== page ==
If you have a car, then you should probably have car insurance too. No matter how safe you think you are, accidents happen, and if you don’t have insurance, you may be out of pocket more than you would like to be.
Of course, there are different levels of insurance and the level you decide to take out will largely depend on what kind of car you have and the type of protection you’d want for it.
Cars are becoming much more affordable and available in Australia, meaning people are spending more time on the roads1 – young Australians who maybe not be able to afford air travel are taking to the highways for lengthy road trips, and the net for employment opportunities is much wider given young people’s access to cars.1
Over the past several decades, car ownership has risen significantly from 1.4 million in 1955 to 13 million in 2013.1 And according to the Australian Bureau of Statistics, while young people (aged 18–24) were the least likely to drive to work or full-time study, the percentage is still pretty high, sitting at 63%.1 Given so many young people have access to vehicles and use them regularly, the need for insurance is obvious.
Why should you consider car insurance?
All it takes is one accident. With one accident, you could be out of pocket for thousands of dollars. Unless you have the right insurance of course.
When it comes to accidents and fatalities on the road, young people have a bad reputation. However, this is supported by recent statistics. According to Transport for NSW, fatal accidents caused by drivers aged 17 to 25 in the month of December was up from 82 to 106 between 2015 and 2016.2
The reason behind having insurance is simple. It may seem like a financial burden when you’re forking out all that money each month, but that amount will never be as expensive as having to deal with an at-fault car accident without insurance.
Breaking down the types
The cost of car insurance depends on a number of factors, the main two being the level of risk and your age. For young Australians, there is a premium for drivers under 25 years old. If you are using a family car, an extra cost will be added to the policy to accommodate your age. The cost is also largely dependent on which cover you take out.3 And this is where it can become confusing. So here’s some help understanding all the jargon.
Compulsory third party (CTP) is just that – compulsory. If your car is registered, you already have CTP (otherwise known as green slip) insurance.3 But remember, this doesn’t cover you for the property of a third party. So, if you hit another car, not having third party property could mean a very large bill, especially if it’s a luxury car.3
For drivers under 25, it’s recommended to get third party property at the very least.3 This will cover you for the damage to another car and may also include limited cover for damage to your own car by an uninsured driver, although this will depend on your insurer.3 It’s the cheapest option for young drivers.4
However, if you really can’t live without a set of wheels, comprehensive could be the best for you. It covers the most, including the cost of crash repairs or replacing your car, regardless of who was at fault.4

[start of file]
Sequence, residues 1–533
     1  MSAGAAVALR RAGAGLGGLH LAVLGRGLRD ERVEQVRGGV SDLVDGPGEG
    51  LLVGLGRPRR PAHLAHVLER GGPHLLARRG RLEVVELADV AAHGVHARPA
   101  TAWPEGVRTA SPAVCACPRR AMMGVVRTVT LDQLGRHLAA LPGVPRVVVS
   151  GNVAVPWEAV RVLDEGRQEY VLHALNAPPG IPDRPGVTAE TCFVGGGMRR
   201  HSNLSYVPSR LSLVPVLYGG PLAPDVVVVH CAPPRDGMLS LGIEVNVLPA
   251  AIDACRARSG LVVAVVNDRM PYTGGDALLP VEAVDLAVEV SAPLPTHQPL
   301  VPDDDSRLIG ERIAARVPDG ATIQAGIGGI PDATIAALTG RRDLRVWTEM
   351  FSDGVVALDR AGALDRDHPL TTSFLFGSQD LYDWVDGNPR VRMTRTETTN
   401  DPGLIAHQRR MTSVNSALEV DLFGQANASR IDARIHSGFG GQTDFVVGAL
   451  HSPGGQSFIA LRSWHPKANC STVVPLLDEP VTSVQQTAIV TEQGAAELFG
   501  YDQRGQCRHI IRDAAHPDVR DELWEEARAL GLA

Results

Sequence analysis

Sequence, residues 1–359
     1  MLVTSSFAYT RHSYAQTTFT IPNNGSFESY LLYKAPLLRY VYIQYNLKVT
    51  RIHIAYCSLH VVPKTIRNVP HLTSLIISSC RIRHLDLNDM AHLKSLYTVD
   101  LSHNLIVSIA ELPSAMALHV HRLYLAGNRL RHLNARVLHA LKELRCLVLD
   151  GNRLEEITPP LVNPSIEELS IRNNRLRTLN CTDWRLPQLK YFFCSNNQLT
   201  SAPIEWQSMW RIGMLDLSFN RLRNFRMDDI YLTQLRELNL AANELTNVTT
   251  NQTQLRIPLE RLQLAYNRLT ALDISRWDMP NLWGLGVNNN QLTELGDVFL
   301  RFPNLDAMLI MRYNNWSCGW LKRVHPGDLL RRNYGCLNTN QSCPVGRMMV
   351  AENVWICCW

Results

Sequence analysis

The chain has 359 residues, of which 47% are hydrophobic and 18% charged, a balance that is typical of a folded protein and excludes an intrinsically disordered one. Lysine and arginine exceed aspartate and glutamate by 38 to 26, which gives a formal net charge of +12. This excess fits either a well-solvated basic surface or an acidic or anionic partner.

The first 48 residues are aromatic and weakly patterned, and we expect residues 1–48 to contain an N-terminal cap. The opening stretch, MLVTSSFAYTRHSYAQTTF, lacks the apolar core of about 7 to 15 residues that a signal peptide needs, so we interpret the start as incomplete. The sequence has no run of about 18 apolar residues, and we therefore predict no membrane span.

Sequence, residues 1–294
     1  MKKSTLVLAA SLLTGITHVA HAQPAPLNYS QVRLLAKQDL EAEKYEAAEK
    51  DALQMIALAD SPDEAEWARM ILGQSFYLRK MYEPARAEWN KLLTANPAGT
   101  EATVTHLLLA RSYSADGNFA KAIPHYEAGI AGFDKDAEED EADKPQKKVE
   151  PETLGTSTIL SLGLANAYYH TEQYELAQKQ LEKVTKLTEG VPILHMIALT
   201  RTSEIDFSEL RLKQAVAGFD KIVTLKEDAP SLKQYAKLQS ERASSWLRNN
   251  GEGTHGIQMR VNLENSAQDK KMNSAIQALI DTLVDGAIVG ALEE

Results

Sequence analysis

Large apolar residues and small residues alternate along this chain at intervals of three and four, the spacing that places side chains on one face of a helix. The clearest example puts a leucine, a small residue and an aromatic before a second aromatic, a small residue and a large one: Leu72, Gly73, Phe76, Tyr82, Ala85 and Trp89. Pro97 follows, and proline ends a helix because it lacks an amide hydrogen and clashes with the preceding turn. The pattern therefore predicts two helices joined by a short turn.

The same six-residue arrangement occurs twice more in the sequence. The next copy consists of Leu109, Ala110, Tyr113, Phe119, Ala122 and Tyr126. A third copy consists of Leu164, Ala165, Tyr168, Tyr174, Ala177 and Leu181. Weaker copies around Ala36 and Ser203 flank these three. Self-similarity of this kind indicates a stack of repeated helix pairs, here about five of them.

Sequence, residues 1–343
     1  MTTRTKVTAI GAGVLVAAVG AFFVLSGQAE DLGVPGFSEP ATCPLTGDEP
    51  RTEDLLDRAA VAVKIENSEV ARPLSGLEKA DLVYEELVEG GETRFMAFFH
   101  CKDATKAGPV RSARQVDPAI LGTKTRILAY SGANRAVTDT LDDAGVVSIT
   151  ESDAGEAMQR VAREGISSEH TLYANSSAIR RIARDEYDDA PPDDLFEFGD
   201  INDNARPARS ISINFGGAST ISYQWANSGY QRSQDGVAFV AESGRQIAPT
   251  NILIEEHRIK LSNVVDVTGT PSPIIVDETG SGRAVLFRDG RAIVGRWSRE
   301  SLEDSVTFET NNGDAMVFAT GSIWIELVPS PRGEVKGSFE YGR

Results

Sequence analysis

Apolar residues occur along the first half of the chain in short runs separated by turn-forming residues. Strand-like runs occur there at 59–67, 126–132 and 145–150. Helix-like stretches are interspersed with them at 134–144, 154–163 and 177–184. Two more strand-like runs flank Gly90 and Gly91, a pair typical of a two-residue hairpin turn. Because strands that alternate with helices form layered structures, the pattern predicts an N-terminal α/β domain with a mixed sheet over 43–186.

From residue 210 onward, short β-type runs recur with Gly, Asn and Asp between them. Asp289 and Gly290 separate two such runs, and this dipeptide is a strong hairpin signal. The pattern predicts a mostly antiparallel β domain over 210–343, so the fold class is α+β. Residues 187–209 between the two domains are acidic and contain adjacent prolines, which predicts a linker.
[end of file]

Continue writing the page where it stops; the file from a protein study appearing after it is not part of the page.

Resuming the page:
Factors that can impact your insurance rates
Here are some factors that can impact your car insurance premium:
- Your age, the state you live, and the type of car you drive.4
- You could save up to 10%5 by purchasing online through direct car insurer Real Insurance.
- If it’s your car and you alone will be driving it, there may be a discount option.4 By restricting the use of your car to nominated drivers, you are restricting the risk, which is why some insurers are willing to offer a discount to your premium.4 Of course, ensuring that you and any other nominated people are the only ones to drive the car is essential in this case. There’s nothing worse than letting someone else drive and getting into an accident because it’s you who will suffer financially.
- Research what other possible discounts may be available. Some insurers will offer a discount if you have other policies with them.6 In terms of cars, an engine mobiliser or an alarm may also attract discounts.6 For young drivers, taking a skilled driver’s course may also help.6
- Consider a Pay As You Drive insurance policy, where you only pay for the amount of driving that you actually plan to drive.7
Of course, just like there are discounts available, here are some of the traps to be wary of:
- While increasing your excess may lower your premium and save you money, it may not actually be worth it.4 A higher excess may mean that it’s not worth your while claiming on smaller repair jobs which means you’d be out of pocket.
- Be mindful of add-on insurance by car dealers. While lenders can insist that you take out a certain level of insurance in order to loan the money, they cannot tell you which insurance company to go to.3
Finally, remember, if it sounds too good to be true, it probably is.
Get a no-obligation quote from a direct car insurer who understands that young drivers need a real insurance policy. Contact Real Insurance on 13 19 48 or apply for a car insurance quote online.
- http://www.abs.gov.au/AUSSTATS/abs@.nsf/Lookup/4102.0Main+Features40July+2013 – Australian Bureau of Statistics
- http://roadsafety.transport.nsw.gov.au/downloads/road-fatalities-2106.pdf – Transport for New South Wales
- https://www.moneysmart.gov.au/insurance/car-insurance/young-drivers – Moneysmart
- https://www.choice.com.au/money/insurance/car/buying-guides/car-insurance – Choice
- 10% discount consists of 5% saving for online applicants, savings in first year only. Up to 5% off to exclude drivers under 25. Minimum premiums may reduce savings discount.
- https://www.canstar.com.au/car-insurance/ten-ways-to-cut-car-insurance-costs/ – https://www.canstar.com.au/car-insurance/ten-ways-to-cut-car-insurance-costs/
- https://www.realinsurance.com.au/car-insurance/pay-as-you-drive – Real Insurance